Leila placed tea on the table and sat next to Ravi on the wrought iron garden swing.
Leila crooned, ‘Aaj Kal Paaon Zamin Par Nahi Padte Mere.’
Ravi said, “I missed your singing. Now, it’ll be just you and me. Let’s plan a second honeymoon.”
Leila blushed and smiled, “Aww! You charmer.”
Ravi reminisced the day Leila had stepped into his home, “You were the prettiest bride that had ever come to our family, and you’re still breathtakingly beautiful, dear. “I love you, Leila.”
“I love you too.” Misty-eyed Leila kissed Ravi.
Ravi sipped the tea and marvelled at flowers in his garden, “Remember, we clinched the first prize in the competition?”
“Oh! Yes, Mrs Rastogi was jealous. She was too proud to believe it,” Leila laughed.
Ravi chuckled, “When you invited her home, she was awestruck to observe home decor and your paintings.”
“And when everyone appreciated the food, I could see her twisted face.” Leila sniggered, “Few ladies keep wondering but never learn.”
Anshu, their daughter-in-law, overheard Romeo and Juliet’s conversation.
She was exasperated with this daily show of affection. She found them lovingly adulating each other and disdaining others.
She thought, ‘Oof! Self-praise is the best praise for them. How can someone be so blind?’
“Malai-kofta is delicious, well-done beta,” Ravi delightedly licked his fingers, appreciating Anshu’s culinary skills.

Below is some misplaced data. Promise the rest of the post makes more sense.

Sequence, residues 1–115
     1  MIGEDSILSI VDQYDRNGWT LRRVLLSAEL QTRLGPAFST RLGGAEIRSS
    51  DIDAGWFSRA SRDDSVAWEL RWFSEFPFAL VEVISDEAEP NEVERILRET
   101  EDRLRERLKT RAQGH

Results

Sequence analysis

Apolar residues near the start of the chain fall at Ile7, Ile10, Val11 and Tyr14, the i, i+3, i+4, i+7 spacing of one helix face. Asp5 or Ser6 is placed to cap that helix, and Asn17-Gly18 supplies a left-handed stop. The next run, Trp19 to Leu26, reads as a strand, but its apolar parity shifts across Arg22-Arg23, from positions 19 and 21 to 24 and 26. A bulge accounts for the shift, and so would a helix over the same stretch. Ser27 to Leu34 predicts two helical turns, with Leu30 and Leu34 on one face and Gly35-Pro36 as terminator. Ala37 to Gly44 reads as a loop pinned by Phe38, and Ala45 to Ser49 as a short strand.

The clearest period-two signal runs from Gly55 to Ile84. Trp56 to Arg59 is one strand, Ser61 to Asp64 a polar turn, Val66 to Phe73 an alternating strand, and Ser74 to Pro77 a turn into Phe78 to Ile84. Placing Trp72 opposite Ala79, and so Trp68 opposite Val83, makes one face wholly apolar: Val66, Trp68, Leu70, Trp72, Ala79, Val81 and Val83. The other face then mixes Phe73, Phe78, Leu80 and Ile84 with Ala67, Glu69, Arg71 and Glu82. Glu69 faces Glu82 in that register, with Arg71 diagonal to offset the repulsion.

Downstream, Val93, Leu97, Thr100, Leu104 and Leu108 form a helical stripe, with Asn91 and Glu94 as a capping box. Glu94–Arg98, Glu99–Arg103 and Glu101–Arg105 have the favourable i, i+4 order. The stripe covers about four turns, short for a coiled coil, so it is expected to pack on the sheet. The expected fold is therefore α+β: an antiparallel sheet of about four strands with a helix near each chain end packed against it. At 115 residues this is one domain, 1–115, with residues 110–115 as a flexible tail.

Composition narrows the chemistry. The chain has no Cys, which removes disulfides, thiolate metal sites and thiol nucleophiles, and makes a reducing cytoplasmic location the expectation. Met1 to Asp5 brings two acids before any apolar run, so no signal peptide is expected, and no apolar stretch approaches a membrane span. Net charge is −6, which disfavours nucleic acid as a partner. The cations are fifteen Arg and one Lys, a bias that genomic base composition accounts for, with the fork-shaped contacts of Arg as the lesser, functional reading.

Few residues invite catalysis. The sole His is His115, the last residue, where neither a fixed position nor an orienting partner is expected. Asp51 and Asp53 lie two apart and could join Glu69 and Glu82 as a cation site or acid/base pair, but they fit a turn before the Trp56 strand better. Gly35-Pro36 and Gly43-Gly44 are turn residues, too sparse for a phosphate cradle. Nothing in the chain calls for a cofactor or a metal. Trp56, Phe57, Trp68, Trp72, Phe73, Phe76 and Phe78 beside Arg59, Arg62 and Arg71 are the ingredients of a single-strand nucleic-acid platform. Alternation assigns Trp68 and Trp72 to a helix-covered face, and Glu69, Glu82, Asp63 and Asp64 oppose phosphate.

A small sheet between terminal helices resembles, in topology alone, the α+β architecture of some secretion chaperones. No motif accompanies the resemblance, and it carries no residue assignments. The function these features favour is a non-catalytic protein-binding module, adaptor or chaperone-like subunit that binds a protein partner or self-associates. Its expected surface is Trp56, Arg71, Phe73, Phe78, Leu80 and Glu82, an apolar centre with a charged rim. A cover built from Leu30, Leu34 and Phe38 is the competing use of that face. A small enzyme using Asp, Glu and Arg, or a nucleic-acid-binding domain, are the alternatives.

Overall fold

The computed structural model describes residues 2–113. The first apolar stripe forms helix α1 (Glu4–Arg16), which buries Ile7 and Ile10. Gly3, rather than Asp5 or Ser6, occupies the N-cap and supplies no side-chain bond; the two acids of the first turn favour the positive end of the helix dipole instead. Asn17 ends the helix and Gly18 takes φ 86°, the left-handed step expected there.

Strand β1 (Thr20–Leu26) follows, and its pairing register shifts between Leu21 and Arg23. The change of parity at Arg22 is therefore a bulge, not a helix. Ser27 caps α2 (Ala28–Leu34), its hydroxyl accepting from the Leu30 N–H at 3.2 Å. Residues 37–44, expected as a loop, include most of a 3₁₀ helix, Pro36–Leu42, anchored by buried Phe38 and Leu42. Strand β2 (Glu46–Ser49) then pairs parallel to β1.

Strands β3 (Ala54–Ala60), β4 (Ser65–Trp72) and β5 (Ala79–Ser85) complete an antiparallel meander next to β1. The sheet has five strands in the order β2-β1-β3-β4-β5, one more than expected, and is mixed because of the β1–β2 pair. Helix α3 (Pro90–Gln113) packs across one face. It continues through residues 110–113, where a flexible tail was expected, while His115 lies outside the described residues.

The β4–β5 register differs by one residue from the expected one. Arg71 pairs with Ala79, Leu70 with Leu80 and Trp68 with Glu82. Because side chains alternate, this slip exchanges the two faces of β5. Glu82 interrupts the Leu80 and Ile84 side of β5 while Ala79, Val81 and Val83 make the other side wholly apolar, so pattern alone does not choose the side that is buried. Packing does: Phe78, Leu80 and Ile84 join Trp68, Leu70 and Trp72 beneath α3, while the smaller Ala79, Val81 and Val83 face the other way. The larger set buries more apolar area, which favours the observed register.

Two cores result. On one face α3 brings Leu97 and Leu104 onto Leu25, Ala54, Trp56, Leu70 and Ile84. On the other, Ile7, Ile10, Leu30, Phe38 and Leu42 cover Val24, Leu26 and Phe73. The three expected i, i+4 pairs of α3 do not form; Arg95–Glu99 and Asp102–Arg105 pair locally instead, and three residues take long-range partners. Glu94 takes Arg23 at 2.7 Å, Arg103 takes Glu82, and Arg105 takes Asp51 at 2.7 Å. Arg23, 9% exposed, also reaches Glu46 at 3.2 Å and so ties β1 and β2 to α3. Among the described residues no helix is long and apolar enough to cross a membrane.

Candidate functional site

“Anshu, don’t serve such oily meals. It’s unhealthy.” Leila muttered, “It’s the taste of desi-ghee that he loved.”
“Leila darling! Nothing can beat the exotic dishes you make. Perfect! Both in taste and health,” Ravi declared. He whispered to Leila, “A little praise, even if it’s false, is good for motivation. It cheers up people.”
“My brother and I were so naughty, Ma had a harrowing time raising us,” Anshu narrated a hilarious incident.
“Our children never troubled us in waking them up or studying. I don’t remember if they ever embarrassed us. Both brought laurels at school, didn’t they, dear?” Leila proudly looked at her husband for confirmation.
“Yeah, darling, parenting is an art and you’re an epitome of perfection. Anshu, you’re fortunate to marry Prashant. You must seek guidance from Leila,” Ravi remarked.
Anshu flustered and wriggled from inside.
“Ma, why don’t you go shopping, join a kitty? Even Mom goes,” Suggested Anshu.
“No, I’m happy, enjoying our retirement together. These kitty parties and clubs are for gossip mongers who’re not at peace at home.”
“But Ma, why? You’ve no social life.”
“I feel people have some inferiority complex. They’re uncomfortable digesting our perfect blissful life.”
Anshu was desolate, ‘How long will it take to get a visa to join Prashant? I wish to run away from this I, Me and My Home Queen.’
Ravi called, “Leila, where are you?”
“Ravi revived me from ashes after my face was completely disfigured in an accident during our honeymoon.” Leila explained, “Ravi taught me to love thyself to live life.”
Leila hummed, “Piya Tosse Naina Laage re, Jaane Kya ho, ab Aage re.”
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